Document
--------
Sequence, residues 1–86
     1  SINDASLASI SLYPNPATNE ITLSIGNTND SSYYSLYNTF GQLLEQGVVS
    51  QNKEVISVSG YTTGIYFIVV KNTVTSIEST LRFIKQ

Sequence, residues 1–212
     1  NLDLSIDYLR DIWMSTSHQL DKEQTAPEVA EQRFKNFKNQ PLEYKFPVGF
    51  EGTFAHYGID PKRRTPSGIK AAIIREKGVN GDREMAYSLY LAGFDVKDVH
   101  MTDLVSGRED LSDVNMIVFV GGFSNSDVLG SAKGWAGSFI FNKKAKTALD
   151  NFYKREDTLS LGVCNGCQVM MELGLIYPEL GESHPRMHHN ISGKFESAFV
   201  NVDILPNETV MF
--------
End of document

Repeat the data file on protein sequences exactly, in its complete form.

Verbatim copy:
Sequence, residues 1–86
     1  SINDASLASI SLYPNPATNE ITLSIGNTND SSYYSLYNTF GQLLEQGVVS
    51  QNKEVISVSG YTTGIYFIVV KNTVTSIEST LRFIKQ

Sequence, residues 1–212
     1  NLDLSIDYLR DIWMSTSHQL DKEQTAPEVA EQRFKNFKNQ PLEYKFPVGF
    51  EGTFAHYGID PKRRTPSGIK AAIIREKGVN GDREMAYSLY LAGFDVKDVH
   101  MTDLVSGRED LSDVNMIVFV GGFSNSDVLG SAKGWAGSFI FNKKAKTALD
   151  NFYKREDTLS LGVCNGCQVM MELGLIYPEL GESHPRMHHN ISGKFESAFV
   201  NVDILPNETV MF